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Zeng ’17 wins Caro prize for second year; C-Span broadcasts

Jasmin Ortiz

Jasmin Ortiz

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While many students across the grades submitted their best research papers in attempts to win the Robert Caro Prize for Literary Excellence in the Writing of History, Sarah Zeng ‘17’s essay stood out as the finest for the second year in a row. She was honored at the award ceremony at Head of School Dr. Tom Kelly’s home on June 15th.

The award ceremony was broadcasted on C-SPAN-2, and streamed, where it has been viewed over 500 times.

The ceremony began with Kelly’s opening remarks about the honor of the award, followed by history teacher Barry Bienstock discussing his relationship with Robert Caro ‘53. Then, Caro spoke about Sarah’s essay, followed by Zeng herself, who spoke about her research and offered closing remarks.

Compared to last year, Zeng was “more mature and experienced,” whereas last year she had to initially spend some time acclimating to the experience of researching independently, she said.

“What stood out us in reading Sarah’s essay was the fact that she had a clear and unique thesis and that the paper was incredibly well written stylistically,” Link said. “Her writing flowed very smoothly and she engaged the reader throughout the essay.”

“Although Sarah’s work is very complicated, it’s all very clear in her writing,” Caro said during the award ceremony.

The award was named after Caro, who is an award-winning historian and biographer of President Lyndon Johnson and developer Robert Moses.

According to History Department Chair Dr. Daniel Link, students who engage deeply with a subject, study it comprehensively, research it thoroughly, and write about it compellingly are the essays that stand out, and students who work closely with teachers as they pursue their work end up producing the strongest essays.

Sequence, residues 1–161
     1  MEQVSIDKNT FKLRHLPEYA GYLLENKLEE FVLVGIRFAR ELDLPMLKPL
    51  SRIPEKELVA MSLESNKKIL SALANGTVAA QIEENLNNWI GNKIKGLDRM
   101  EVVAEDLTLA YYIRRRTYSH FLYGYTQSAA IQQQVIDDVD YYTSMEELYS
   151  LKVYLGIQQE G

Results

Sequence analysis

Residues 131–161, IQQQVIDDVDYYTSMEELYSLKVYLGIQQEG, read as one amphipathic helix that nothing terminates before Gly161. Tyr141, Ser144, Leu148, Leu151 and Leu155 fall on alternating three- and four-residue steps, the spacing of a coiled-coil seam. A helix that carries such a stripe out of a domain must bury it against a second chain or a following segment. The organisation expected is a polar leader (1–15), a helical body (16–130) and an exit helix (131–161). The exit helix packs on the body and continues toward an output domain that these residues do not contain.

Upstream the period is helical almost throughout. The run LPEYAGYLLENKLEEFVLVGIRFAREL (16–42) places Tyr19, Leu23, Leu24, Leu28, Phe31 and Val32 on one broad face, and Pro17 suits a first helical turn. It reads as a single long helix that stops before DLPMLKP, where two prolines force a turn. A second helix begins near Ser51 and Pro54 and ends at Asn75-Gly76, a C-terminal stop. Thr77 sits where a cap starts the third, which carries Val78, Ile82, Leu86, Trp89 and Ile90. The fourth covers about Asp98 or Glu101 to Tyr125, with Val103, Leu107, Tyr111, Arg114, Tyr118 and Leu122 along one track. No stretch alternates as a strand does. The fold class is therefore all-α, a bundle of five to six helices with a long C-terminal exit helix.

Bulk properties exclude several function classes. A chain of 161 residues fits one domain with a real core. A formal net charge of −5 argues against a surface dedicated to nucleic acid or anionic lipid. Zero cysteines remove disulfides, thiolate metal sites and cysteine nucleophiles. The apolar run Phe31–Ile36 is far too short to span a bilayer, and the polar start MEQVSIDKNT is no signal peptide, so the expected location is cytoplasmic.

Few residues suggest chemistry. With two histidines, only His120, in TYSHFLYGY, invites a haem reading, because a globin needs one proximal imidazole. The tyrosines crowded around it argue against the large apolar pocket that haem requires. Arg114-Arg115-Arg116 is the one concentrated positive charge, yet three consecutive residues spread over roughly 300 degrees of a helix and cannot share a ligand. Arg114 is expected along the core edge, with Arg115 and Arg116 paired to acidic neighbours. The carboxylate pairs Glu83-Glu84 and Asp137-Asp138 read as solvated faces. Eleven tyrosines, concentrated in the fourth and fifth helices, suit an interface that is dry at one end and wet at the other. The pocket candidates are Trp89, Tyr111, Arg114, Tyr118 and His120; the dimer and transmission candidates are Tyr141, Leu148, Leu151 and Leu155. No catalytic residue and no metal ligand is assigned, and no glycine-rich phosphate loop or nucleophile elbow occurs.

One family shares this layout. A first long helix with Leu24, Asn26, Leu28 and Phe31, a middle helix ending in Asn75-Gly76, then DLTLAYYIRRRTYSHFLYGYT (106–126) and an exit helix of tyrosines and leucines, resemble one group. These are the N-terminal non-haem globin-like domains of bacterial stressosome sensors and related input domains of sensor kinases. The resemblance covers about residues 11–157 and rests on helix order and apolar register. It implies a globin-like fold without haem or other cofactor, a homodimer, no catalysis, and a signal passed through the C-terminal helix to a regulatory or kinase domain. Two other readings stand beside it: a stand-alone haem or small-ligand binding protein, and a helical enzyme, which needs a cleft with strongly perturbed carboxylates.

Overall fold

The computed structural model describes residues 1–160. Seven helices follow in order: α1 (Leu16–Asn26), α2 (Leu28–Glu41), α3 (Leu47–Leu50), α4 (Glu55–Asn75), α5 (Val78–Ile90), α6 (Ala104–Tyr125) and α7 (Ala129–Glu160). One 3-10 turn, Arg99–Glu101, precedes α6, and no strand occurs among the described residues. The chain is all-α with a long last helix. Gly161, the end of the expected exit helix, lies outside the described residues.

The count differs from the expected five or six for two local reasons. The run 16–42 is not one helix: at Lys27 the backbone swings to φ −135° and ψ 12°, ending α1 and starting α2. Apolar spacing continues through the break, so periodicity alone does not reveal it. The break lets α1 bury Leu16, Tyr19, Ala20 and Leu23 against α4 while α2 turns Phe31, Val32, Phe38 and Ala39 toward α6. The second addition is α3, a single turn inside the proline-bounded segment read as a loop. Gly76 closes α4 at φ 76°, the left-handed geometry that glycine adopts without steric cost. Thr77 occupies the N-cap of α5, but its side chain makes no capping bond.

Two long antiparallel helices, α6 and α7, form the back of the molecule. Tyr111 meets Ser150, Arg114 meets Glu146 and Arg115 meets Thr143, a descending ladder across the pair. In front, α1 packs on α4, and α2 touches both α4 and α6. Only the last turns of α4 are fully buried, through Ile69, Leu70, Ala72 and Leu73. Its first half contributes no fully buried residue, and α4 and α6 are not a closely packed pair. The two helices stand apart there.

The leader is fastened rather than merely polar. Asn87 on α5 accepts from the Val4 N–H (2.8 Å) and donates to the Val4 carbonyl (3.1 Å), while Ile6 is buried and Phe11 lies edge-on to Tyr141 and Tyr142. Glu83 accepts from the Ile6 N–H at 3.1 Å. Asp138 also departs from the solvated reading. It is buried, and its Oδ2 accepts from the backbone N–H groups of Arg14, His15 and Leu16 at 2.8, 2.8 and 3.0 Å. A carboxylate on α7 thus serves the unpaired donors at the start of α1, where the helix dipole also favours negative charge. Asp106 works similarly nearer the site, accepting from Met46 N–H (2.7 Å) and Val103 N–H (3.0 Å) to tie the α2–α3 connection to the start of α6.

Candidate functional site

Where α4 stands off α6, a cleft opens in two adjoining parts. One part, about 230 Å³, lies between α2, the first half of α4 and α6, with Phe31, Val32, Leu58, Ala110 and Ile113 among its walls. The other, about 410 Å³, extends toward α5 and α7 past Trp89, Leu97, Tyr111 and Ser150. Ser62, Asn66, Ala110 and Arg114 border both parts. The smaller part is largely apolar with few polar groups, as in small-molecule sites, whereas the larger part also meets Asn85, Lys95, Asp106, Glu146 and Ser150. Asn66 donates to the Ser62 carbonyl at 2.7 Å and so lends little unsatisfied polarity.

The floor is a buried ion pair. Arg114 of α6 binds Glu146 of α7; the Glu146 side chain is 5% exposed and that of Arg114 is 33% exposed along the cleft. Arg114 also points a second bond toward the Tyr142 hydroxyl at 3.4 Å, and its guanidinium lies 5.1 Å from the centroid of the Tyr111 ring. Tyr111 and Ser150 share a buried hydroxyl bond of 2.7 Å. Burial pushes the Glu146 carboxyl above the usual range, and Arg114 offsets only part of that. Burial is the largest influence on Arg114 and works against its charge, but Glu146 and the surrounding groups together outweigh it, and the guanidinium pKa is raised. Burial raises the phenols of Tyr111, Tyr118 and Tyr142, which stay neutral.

After winning the Robert Caro award in 2016 for her paper on the mysteries of the Cuban missile crisis, Zeng reached out to Caro for advice regarding how to conduct research for her next paper: the history of Sino-American relations in the 1970s.

Zeng also chose to focus on this topic specifically for her Independent Study Project, and worked closely with her mentors, Bienstock and Director of Independent Studies Avram Schlesinger, who both helped her a great deal throughout her process, she said.

To go about conducting her research, Zeng reached out to several different professors and former diplomats to discuss their experiences and opinions.

To learn first-hand information and explore the topic from both American and Chinese viewpoints, Zeng traveled to China the year before her senior year, Zeng said. “Contacting experts and convincing them to speak with me wasn’t easy, and I spent a lot of time studying and preparing for each interview,” she said.

She interviewed diplomats about the closed-off trade and travel between the two countries during the 1970s and how the two countries began to reach out to each other and later officially established diplomatic relations during that period, Zeng said.

Over the summer Zeng spent the rest of her time producing a roughly 40-minute documentary that she later showed clips of to her independent study class and put up online, she said.

Throughout the year for her independent study, Zeng focused mostly on the specific roles that both Mao Zedong and Richard Nixon played in establishing U.S.-China relations even though their efforts were mostly unknown to the public at the time.

Zeng’s experience is a great lesson to students that adults are often eager to share their experiences with inquisitive students, Link said.

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Zeng ’17 wins Caro prize for second year; C-Span broadcasts